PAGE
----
The D.C. investor for a proposed gambling hall offered a vigorous defense of petition circulators yesterday, saying tactics used to attract signers did not contradict a ruling last month by a D.C. Superior Court judge.
The testimony from businessman Pedro Alfonso came on the eighth consecutive day of hearings into allegations that laws were broken in a petition drive to get the slots machine initiative on the November ballot.
Wilma A. Lewis, chairman of the D.C. Board of Elections and Ethics, aggressively questioned Alfonso about the judge's ruling, which ordered the removal of language that said the D.C. Council would receive a nonbinding recommendation to spend its share of slots money to "improve public schools and to help senior citizens obtain prescription drugs."
Alfonso, who testified for most of the day, said it would have been "unconscionable" for circulators not to mention the benefits of slots to potential petition signers because the full text of the initiative included a discussion of those benefits.
"I think it would be a misrepresentation not to say it because it is in the initiative itself," he said. "You've got to tell the truth, the whole truth, everything. It is not just gaming."
Anti-slots activists, who have filed two challenges to the petition drive with the election board contend that, at the very least, proponents of the initiative and workers they hired to gather signatures violated the spirit of the judge's order.
The board questioned Alfonso about the use of brochures that said the gambling project would help create 1,500 jobs and a charitable trust to fund a literacy program for D.C. schoolchildren, and he acknowledged that they would have fostered "prejudice" for the slots initiative. Alfonso said the three-member committee behind the slots measure printed thousands of brochures, which were used by petition workers. Opponents say the claim about the literacy program is not true.
The opponents also point out that large numbers of petition workers donned yellow T-shirts emblazoned with the words, "SIGN UP FOR JOBS, SCHOOLS AND HEALTH CARE," a tactic they said was used to get around the judge's ruling.
Slots supporters submitted more than 56,000 signatures after a frenetic five-day effort aimed at getting slots on the Nov. 2 ballot. The initiative seeks voter approval of a plan to open a gambling hall with 3,500 slot machines at New York Avenue and Bladensburg Road NE.
One of the board's attorneys asked Alfonso why gambling was not represented on the T-shirts since it is the central part of the initiative. Alfonso conceded that the initiative could have been better represented on the shirt.
"It was not a malicious step to misrepresent," he said. "I think we complied with the judge's order."
Alfonso said the shirts were not bought by the three-member committee but by Rob Newell, a financier from the U.S. Virgin Islands who is the other main investor in the project.
Alfonso said the committee did not know the shirts had been purchased until he and the others learned about them in media reports. He said the first time he saw one of the shirts was this week.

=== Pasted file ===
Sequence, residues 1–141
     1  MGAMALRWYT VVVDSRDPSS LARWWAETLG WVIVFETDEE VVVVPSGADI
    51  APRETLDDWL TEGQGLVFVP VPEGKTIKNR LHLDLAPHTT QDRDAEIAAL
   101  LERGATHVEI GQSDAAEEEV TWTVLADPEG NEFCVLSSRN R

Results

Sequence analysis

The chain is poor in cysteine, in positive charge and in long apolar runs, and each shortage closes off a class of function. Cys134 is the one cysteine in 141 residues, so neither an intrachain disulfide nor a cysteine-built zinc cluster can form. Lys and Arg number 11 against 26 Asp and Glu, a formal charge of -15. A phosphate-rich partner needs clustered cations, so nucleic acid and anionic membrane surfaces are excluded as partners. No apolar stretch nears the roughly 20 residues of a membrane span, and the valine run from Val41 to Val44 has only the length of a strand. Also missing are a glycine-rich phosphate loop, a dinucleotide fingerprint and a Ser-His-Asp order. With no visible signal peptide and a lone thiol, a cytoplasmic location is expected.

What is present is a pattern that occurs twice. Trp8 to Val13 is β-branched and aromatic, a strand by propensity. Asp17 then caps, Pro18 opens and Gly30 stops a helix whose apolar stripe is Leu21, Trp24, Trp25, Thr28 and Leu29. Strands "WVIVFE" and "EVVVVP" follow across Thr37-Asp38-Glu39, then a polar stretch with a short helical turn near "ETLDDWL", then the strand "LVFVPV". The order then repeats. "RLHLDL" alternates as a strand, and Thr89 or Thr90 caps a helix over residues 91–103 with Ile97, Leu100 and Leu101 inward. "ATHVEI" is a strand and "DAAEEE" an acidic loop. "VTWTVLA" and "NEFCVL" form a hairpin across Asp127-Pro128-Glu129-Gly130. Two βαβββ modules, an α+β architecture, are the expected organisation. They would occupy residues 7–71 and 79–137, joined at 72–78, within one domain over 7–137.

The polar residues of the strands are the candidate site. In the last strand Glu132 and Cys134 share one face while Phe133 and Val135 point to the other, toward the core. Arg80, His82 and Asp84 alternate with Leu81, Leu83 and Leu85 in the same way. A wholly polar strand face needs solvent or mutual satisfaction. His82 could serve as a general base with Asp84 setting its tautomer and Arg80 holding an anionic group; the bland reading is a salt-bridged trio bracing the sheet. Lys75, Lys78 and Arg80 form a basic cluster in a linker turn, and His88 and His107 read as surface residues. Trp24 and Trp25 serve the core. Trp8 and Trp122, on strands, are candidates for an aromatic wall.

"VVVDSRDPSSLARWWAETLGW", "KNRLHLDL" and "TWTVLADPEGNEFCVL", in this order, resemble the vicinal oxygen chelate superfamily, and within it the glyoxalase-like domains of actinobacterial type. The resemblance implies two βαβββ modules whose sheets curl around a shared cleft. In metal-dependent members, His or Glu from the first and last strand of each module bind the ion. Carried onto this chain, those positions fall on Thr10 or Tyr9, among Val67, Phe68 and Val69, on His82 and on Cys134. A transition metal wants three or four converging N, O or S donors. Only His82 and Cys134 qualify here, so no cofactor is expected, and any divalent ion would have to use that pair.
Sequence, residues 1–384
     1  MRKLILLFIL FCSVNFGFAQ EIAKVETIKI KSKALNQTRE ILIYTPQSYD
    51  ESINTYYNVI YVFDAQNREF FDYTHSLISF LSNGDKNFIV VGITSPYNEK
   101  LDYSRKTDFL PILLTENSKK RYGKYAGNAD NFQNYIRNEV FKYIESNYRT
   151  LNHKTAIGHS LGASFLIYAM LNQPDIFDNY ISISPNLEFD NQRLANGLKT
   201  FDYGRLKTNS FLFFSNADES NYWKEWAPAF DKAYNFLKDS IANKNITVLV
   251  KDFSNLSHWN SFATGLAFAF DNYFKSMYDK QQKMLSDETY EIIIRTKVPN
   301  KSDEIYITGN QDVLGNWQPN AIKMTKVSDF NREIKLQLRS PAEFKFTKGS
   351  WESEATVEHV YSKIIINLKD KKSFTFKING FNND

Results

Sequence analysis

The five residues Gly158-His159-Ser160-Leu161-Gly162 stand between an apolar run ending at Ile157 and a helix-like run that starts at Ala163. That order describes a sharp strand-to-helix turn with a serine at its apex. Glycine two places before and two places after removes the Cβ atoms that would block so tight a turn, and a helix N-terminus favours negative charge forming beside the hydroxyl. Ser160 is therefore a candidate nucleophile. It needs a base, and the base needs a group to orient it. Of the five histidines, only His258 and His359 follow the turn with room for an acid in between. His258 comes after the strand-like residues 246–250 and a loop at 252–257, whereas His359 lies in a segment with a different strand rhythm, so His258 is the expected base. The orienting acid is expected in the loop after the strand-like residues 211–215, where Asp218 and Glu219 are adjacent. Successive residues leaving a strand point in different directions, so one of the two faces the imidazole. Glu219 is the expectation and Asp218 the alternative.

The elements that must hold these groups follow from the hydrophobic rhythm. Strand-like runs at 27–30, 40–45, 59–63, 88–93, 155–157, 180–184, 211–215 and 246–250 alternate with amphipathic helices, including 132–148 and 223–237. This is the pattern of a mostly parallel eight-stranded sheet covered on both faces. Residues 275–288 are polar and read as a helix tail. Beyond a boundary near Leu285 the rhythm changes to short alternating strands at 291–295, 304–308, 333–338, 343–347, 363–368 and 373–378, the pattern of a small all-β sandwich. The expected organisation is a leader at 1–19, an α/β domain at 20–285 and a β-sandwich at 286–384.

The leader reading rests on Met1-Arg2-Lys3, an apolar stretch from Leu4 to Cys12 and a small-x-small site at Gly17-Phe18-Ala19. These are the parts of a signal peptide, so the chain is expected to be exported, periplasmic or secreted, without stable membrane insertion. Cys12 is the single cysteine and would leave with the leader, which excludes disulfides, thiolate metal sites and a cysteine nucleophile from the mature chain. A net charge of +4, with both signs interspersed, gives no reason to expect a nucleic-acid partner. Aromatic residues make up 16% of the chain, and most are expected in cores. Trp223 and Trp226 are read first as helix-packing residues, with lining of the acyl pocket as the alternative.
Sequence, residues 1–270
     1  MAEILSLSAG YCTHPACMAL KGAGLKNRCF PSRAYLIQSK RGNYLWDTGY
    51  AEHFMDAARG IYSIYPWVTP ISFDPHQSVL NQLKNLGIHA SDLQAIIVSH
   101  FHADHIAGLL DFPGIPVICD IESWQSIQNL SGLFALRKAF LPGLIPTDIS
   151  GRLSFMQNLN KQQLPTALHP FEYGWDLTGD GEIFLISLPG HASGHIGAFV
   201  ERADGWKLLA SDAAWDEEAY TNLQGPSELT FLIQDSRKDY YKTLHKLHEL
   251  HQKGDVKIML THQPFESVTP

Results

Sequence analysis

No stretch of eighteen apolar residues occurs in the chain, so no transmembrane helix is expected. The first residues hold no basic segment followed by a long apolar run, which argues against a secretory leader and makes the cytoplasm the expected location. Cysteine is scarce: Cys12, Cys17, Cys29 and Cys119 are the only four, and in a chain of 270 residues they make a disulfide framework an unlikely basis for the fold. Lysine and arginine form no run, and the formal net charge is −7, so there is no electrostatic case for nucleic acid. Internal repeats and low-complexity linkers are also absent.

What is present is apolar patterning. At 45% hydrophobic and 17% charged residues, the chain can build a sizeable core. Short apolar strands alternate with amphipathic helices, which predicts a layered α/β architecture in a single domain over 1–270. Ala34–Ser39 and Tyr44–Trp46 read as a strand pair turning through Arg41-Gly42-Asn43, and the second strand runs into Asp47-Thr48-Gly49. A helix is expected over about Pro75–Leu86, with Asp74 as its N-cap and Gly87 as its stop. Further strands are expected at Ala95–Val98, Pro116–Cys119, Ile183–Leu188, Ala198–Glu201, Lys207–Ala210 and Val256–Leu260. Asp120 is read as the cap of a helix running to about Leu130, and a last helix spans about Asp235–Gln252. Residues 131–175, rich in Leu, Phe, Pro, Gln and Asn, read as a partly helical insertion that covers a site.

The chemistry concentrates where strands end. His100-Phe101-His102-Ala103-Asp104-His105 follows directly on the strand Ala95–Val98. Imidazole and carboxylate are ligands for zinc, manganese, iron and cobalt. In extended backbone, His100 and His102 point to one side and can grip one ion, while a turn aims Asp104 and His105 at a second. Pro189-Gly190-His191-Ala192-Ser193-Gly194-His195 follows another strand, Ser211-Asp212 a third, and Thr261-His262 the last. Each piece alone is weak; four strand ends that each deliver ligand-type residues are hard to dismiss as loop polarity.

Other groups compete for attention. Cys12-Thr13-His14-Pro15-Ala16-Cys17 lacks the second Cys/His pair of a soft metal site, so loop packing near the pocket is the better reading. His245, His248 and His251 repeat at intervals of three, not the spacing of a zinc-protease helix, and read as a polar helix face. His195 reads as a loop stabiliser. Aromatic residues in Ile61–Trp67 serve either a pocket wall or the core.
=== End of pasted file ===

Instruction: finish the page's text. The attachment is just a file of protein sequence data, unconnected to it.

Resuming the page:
Slots supporters have said petition workers were ordered to stop wearing the shirts soon after the clothes arrived July 1. The attorney for the board, Rudolph McGann, asked why this was done if the shirts did not misrepresent the initiative. Alfonso responded that the committee wanted no distractions during the petition effort and that it sought to ensure that workers were not harassed by opponents of the slots initiative.
Noting the judge's ruling, Lewis asked if it would be appropriate to have shirts with references to strengthening education and helping the elderly buy prescription drugs. "Define 'appropriate,' " Alfonso said before answering, "It probably would not be in the best of taste."
Lewis noted that even before the judge's ruling, the board acted to have the words "jobs," "education" and "health care" removed from the short title of the initiative and that the committee then dropped those words from its name. Alfonso said the committee did it so "the consistency was there."
Last night, the owner of the California-based company hired to run the petition drive testified before the board for more than two hours. Angelo Paparella said it was a "strategic mistake'' for circulators to tell potential petition signers that slots money would go to schools or health care. He said that the problem was not the information but that giving out such information was not an efficient way to attract as many signers as possible.
"It gets into a detailed discussion about the issue, and that's not what we're there for," Paparella said. "It doesn't lend itself to meeting more people."
Earlier in the day, D.C. resident Tenisha Colbert testified under immunity that she signed the circulator's affidavit on petitions handled by an acquaintance, even though she did not witness many signatures.
Colbert said that a petition manager told her to sign after it became apparent her acquaintance had only old identification from Maryland. D.C. law requires that circulators be D.C. residents. According to records, Colbert submitted 74 petitions, totaling 818 signatures.
Colbert said the manager had no idea that the two women had gone out to collect signatures together and never asked if they circulated petitions near each other. She said she signed in the manager's room at the Red Roof Inn in Chinatown, and that while there, she heard many out-of-town circulators say they worked without a D.C. resident and needed one to sign their petition affidavits.
One of those who agreed to sign was her fiance, Antoine Jefferies, Colbert said. Testifying under immunity, Jefferies said the manager "was telling me it was a way to make money." Records show Jefferies' signature appears on 36 sheets bearing 518 signatures.
Staff writers Yolanda Woodlee and Clarence Williams contributed to this report.